(1) Rakhigarhi

*discussed above*

(2) Hastinapur

Hastinapur in the Meerut district of Uttar Pradesh finds mention in the Mahabharata and the Puranas. One of the most significant discoveries made at this site was of the “new ceramic industry”, which was named the Painted Grey Ware, which as per the report represented the relics of the early Indo-Aryans.

(3) Sivasagar

In Sivasagar (Assam), excavations at the Karenghar (Talatalghar) complex between 2000 and 2003 led to the discovery of buried structures in the north-western and north-eastern side of the complex. Among the structural remains found at the site were ceramic assemblages including vases, vessels, dishes, and bowls, etc. Terracotta smoking pipes were also found.

(4) Dholavira

Dholavira in Gujarat is located in the Khadir island of the Rann of Kutch, and like Rakhigarhi is one of the sites where the remains of the Harappan civilization have been found. It is unique because the remains of a complete water system have been found here.

(5) Adichnallur

Adichnallur lies in the Thoothukudi district of Tamil Nadu. The urn-burial site was first brought to light during a “haphazard excavation” by a German archaeologist in 1876. Following this, an Englishman Alexander Rae excavated the site between 1889 and 1905.

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Govt. reconstitutes panel for studying mythical Sarasvati River

Note4Students

From UPSC perspective, the following things are important :

Prelims level : Rigvedic rivers

Mains level : Not Much

The Centre has reconstituted an advisory committee to chalk out a plan for studying the mythical Sarasvati River for the next two years after the earlier panel’s term ended in 2019.

Do you know?

Rigveda describes India as a land of Sapta Sindhavah.

There is a verse in Nadistuti sukta of Rigveda , hymn of praise of rivers which mentions the following 10 rivers: Ganga, Yamuna, Sarasvati, Sutudri, Parusni, Asikni, Marudvrdha , Vitasta , Arjikiya , Susoma.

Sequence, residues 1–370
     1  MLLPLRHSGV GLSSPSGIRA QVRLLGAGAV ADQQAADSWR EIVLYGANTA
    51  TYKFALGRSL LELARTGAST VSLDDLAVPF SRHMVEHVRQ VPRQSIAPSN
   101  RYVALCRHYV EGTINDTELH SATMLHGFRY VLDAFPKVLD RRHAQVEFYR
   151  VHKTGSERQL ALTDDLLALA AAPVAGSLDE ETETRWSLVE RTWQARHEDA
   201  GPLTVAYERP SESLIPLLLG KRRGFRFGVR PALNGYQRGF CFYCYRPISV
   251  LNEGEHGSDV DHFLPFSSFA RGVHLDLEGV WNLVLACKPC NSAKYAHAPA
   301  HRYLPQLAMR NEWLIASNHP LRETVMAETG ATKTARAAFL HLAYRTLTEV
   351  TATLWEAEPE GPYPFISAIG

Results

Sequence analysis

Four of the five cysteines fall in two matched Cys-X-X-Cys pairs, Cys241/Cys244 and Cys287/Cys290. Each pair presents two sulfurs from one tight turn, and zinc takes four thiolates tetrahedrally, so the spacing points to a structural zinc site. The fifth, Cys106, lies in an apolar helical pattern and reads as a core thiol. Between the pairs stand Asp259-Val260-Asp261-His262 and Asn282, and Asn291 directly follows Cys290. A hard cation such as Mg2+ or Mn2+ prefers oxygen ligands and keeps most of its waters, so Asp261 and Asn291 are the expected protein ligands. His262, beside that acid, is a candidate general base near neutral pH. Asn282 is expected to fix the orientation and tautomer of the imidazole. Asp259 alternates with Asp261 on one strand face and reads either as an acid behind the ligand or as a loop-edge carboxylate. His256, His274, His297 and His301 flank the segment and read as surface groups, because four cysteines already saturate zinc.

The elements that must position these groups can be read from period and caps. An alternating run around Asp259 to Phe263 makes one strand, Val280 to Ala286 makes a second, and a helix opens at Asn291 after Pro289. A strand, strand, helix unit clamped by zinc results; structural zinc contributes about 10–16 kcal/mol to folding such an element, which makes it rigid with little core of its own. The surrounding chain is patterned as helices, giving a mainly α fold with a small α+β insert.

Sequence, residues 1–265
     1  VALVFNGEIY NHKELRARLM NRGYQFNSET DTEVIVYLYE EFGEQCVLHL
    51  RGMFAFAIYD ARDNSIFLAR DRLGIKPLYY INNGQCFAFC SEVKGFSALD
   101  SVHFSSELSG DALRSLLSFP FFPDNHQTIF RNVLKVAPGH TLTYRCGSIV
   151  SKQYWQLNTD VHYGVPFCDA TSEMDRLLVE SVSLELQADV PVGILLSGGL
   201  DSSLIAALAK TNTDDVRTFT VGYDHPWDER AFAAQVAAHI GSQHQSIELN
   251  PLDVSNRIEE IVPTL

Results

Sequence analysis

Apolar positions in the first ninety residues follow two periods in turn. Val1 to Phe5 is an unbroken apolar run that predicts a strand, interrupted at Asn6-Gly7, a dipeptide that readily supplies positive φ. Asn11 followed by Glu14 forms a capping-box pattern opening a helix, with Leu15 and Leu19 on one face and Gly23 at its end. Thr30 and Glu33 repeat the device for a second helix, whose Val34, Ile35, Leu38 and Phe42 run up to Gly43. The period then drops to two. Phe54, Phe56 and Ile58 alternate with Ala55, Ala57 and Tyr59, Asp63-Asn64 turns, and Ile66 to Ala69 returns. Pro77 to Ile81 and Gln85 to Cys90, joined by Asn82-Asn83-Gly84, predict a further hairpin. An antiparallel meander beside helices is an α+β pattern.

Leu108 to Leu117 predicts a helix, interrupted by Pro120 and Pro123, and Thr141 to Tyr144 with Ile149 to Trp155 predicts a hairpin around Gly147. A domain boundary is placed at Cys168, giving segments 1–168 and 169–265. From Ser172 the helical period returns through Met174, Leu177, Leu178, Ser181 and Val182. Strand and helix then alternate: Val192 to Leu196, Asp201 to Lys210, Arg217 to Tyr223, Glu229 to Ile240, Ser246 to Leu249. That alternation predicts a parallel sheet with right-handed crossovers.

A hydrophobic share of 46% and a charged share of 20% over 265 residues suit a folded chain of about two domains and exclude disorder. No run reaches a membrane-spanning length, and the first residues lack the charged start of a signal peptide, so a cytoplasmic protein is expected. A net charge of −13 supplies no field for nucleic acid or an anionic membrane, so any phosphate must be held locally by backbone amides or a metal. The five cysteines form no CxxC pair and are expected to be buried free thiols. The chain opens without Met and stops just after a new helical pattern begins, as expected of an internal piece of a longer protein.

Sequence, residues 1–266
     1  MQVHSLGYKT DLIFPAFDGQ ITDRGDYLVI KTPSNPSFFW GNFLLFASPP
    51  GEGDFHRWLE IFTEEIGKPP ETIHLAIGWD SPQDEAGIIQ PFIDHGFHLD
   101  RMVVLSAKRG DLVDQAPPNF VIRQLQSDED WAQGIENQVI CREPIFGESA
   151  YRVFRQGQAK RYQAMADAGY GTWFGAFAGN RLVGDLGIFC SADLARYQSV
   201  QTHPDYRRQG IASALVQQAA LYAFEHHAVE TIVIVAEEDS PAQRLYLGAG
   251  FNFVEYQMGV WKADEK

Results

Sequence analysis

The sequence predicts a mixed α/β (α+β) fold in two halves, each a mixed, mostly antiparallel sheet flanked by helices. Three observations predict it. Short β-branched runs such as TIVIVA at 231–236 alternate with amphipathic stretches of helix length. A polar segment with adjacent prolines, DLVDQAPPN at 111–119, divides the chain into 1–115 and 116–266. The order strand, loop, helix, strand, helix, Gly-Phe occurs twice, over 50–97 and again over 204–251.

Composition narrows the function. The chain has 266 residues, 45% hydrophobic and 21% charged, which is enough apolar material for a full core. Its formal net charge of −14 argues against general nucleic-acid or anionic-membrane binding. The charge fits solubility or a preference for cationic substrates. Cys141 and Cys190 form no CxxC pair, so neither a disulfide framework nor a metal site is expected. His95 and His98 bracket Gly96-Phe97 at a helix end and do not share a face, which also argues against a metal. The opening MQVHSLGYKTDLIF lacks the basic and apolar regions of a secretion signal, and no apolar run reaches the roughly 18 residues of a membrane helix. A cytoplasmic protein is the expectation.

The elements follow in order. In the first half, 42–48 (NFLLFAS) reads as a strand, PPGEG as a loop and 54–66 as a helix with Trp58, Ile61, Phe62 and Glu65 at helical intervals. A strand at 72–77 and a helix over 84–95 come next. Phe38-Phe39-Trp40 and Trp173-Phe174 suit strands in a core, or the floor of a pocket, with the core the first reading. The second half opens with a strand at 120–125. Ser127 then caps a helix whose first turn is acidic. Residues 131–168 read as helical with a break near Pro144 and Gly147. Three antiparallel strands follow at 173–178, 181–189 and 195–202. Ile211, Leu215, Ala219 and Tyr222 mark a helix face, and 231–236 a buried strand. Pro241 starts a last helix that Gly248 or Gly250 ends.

The Shutudri was Sutlej, Parushni was Ravi, Asikni was Chenab and Vitasta was Jhelum.

Sarasvati River

  • The Sarasvati River is an extinct river mentioned in the Rig Veda and later Vedic and post-Vedic texts.
  • As a physical river, it is described as a small river ending in “a terminal lake (Samudra).
  • As the goddess Sarasvati, the main referent for the term “Sarasvati” which developed into an independent identity in post-Vedic times, she is described as a powerful river and mighty flood.
  • The Sarasvati is also considered by Hindus to exist in a metaphysical form, in which it formed a confluence with the sacred rivers Ganges and Yamuna, at the Triveni Sangam.

Vedic reference of the river

  • Rigvedic and later Vedic texts have been used to propose identification with present-day rivers, or ancient riverbeds.
  • The Nadistuti hymn in the Rigveda (10.75) mentions the Sarasvati between the Yamuna in the east and the Sutlej in the west.
  • Later Vedic texts like the Tandya and Jaiminiya Brahmanas, as well as the Mahabharata, mention that the Sarasvati dried up in a desert.

What led to its extinction?

  • Since the late 19th-century, scholars have proposed to identify the Rig Vedic Saraswati river with the Ghaggar-Hakra river system.
  • This flows through northwestern India and eastern Pakistan, between the Yamuna and the Sutlej.
  • Recent geophysical research suggests that the Ghaggar-Hakra system was glacier-fed until 8,000 years ago, and then became a system of monsoon-fed rivers.
  • ISRO has observed that major Indus Valley Civilization sites at Kalibangan (Rajasthan), Banawali and Rakhigarhi (Haryana), Dholavira and Lothal (Gujarat) lay along this course.
  • The Indus Valley Civilisation may have declined as a result of climatic change when the monsoons that fed the rivers diminished at around the time civilisation diminished some 4,000 years ago.

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10th century Buddhist Monastery uncovered in Jharkhand’s Hazaribagh

Note4Students

From UPSC perspective, the following things are important :

Prelims level : Buddha's Mudra, Vajrayana Sect

Mains level : Read the attached story

The Archaeological Survey of India (ASI) has unearthed a Buddhist monastery, believed to be at least 900 years old, buried under a mound in a village situated in a hilly area of Hazaribagh district of Jharkhand.

Details of the excavation

  • The findings were significant since the monastery is on the old route to Varanasi, 10 km from Sarnath, where the Buddha gave his first sermon.
  • Archaeologists found four statues of the deity Tara in Varad Mudra and six statues of the Buddha in bhumisparsa Mudra
  • So it is a significant finding as deity Tara’s statues mean this was an important centre of the Vajrayana sect of Buddhism.
  • Vajrayana is a form of Tantric Buddhism, which flourished in India from the 6th to 11th century.

Tap to read more about Buddhism at:

Chapter 5 | Mauryan Period (400BC – 200BC)

Learning: Various Mudra of Buddha

PC: Pinterest

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Inscription on Krishnadevaraya’s death discovered

Note4Students

From UPSC perspective, the following things are important :